UCLH has dosed the first UK participants in a study looking at alternating doses of different Covid-19 vaccines.
The ‘Com-Cov’ study, which is being run at the UCLH Vaccine Research Centre, will determine the effects of using a different vaccine for the second dose to the first dose, as well as varying intervals between doses.
The Urgent Public Health study led by Oxford University is backed by £7 million of government funding from the Vaccines Taskforce.
Principal investigator at UCLH Professor Vincenzo Libri told Sky News there was good reason to think the mix and match approach will improve immune response "because of the two different [vaccine] technologies.”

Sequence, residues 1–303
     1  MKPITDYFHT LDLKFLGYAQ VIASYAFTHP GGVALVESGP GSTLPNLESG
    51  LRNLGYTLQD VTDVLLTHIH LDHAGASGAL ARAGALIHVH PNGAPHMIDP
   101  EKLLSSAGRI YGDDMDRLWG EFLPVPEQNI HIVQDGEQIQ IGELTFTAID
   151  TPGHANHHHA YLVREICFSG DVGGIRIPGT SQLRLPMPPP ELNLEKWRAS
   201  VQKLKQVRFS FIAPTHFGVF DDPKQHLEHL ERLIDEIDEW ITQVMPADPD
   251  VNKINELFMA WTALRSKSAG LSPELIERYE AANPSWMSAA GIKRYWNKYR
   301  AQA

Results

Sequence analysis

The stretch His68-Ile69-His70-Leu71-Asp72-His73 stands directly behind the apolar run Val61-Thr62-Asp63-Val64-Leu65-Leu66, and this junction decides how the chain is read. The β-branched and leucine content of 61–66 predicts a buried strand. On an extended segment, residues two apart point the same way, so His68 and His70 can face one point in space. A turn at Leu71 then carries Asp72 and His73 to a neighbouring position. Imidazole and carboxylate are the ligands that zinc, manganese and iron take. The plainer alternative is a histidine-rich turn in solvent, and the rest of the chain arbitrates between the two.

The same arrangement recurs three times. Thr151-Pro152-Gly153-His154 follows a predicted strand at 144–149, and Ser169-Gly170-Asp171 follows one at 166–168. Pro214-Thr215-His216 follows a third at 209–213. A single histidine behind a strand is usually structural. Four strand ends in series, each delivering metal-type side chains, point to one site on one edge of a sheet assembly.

UCLH Director of Research and BRC Director Professor Bryan Williams told the channel: "What has been seen before when you have two different types of vaccine [is] you can sometimes get an even bigger immune response than having the same vaccine twice."
Trial participant Julian Van Loxton said: "If I can do anything to help, then I'll do it."
And participant Mo Yusuff said: "Anything that is going to help save lives and speed up how they can vaccinate people is an advantage."
Over 800 volunteers, aged 50-years-old and above, are expected to take part in the study across eight NIHR-supported sites in England.
Read coverage of the trial on Sky News.
Photo credit: SKY NEWS